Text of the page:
This crisis has caused a reduction in income among the poorest families, who can hardly afford insurance to protect themselves from the risks they face. Additionally, the persistent lack of financial education prevents many from understanding the convenience and necessity of having insurance.  

The program works with the municipality, because the objective of the project is to contribute to the resilience of cities and their inhabitants, helping them to manage the economic and financial impact of disasters associated with climate change. Municipalities are the first that are called upon to deal with disasters in cities when they occur, allocating huge amounts of money to disaster relief. Additionally, most of their work is concentrated on caring for the poorest communities and vulnerable inhabitants of the city, because citizens who have sufficient income and resources tend to respond to disasters with their own support networks and resources. 

The InsuResilience team in Medellín, Colombia.

Working with municipalities makes it possible to break down economic and knowledge barriers to insurance. They also have access to aggregate information on the city, its inhabitants and its risks. Likewise, having the municipality as the policyholder facilitates and reduces the administrative costs of implementing insurance, which would be higher in the case of individual insurance.  

Finally, by paying the compensation to the municipality, it can be used for immediate response to disasters and it is guaranteed that this product will benefit all inhabitants affected by the disaster in the city. This means that it does not matter whether they are owners, permanent citizens, displaced, or even migrants, in order to receive assistance in the event of a disaster. 

Insurance funds will be used to support emergency response management activities in the delivery of humanitarian assistance, operational services and the recovery of basic infrastructure.  

Why is the InsuResilience program capturing climate data related to Medellín and how is it being used?

InsuResilience team member.

To carry out the design of the parametric insurance product for floods, landslides and earthquakes, it is necessary to model the risks and define the triggers that will activate insurance payments. This data will serve as the basis for defining each of the indices or parameters that will trigger insurance payments when a major landslide, flood or earthquake event occurs in the city.

What is the current role of Global Communities in this project and how do you see its evolution as the project grows?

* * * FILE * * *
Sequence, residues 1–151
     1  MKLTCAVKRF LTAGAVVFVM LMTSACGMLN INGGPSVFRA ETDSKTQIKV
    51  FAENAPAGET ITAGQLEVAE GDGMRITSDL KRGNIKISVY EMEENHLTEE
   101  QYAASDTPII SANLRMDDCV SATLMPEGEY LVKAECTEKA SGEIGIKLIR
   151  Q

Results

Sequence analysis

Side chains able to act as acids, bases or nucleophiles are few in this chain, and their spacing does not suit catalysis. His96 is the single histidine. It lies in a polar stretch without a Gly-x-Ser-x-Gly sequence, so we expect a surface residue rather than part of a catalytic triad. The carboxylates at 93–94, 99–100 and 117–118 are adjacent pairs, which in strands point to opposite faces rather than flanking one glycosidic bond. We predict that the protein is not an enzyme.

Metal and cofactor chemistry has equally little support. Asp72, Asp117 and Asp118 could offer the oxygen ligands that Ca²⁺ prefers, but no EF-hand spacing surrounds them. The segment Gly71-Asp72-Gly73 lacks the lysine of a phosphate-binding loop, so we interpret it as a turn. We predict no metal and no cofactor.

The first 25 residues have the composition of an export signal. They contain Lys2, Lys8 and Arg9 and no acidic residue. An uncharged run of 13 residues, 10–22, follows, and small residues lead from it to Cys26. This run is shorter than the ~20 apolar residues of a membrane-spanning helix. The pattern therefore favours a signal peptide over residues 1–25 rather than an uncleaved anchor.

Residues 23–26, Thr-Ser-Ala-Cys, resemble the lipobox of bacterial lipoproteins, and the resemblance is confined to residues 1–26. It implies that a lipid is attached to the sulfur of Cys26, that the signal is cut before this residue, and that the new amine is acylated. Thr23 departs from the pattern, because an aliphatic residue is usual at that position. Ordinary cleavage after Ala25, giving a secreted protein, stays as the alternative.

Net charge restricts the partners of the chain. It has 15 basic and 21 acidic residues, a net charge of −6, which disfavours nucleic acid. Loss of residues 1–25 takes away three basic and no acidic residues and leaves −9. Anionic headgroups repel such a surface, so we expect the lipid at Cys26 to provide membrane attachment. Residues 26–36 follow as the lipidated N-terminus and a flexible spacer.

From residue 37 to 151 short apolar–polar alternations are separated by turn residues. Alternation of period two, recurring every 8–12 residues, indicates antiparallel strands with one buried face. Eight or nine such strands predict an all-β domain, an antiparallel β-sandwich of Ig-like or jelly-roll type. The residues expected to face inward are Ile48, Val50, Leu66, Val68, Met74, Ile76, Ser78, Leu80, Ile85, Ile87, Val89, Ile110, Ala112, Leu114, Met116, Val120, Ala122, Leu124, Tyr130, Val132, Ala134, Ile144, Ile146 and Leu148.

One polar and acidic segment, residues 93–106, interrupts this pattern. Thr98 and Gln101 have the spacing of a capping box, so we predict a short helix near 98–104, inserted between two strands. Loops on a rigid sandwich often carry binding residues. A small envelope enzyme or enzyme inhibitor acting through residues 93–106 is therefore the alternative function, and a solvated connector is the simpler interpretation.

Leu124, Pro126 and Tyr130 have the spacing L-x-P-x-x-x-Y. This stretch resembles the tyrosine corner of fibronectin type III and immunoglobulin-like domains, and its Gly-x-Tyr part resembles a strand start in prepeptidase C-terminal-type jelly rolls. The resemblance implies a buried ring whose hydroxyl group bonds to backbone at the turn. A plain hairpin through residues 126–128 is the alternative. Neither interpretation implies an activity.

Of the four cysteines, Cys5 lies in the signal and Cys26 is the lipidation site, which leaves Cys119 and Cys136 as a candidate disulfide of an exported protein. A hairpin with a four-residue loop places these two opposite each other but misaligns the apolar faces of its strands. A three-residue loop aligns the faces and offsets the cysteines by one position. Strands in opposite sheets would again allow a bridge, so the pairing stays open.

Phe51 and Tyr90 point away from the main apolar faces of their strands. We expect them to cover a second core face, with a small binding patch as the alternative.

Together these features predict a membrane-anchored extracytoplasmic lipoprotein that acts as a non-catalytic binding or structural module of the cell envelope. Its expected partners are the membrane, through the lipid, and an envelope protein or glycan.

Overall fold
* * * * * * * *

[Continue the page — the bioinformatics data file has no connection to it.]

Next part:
Global Communities is the leader of the consortium, which is made up of Hannover Re and Willis Towers Watson. Our role is to represent vulnerable communities in Medellín, and we are applying our experience and knowledge in Disaster Risk Management to this project. By virtue of the foregoing, Global Communities is facilitating the development of the product in a participatory manner, working in close collaboration with the authorities of the Municipality of Medellín, and specifically with the Administrative Department of Disaster Risk Management, ensuring participation, appropriation and the empowerment of all relevant actors. 

The Mayor's Office of Medellín contributes relevant information, provides the headquarters for the project team and co-organizes the workshops. In addition, it will allocate the financing for the insurance product and will implement the placement of the product developed in the project at a later stage. 

What recent successes can you share?

During virtual and in- person project workshops, it has been possible to maintain a high level of attendee participation. Due to the innovative subject, great interest has been created in learning more about these financial protection solutions from both the organization, the academy and public officials from different ministries. As the project is implemented, capacities will be strengthened in the areas of exposure and risk modeling, and parametric solutions.  

Could this project be scaled and implemented in other municipalities?

The insurance product in Medellín will be the first product of its kind to be developed  for a city. In this sense, it has the potential to be replicated in other interested municipalities. Acquiring this program can strengthen their emergency plans for natural disasters. 

Is there anything else you would like to add?

The project is an initiative co-financed by the InsuResilience Solutions Fund (ISF) set up by the German Development Bank (KfW), on behalf of the German Ministry for Economic Cooperation and Development (BMZ). The ISF is administered by the Frankfurt School of Finance and Management. The other co-financer of the project is the consortium made up of Global Communities, Willis Tower Watson and Hannover RE.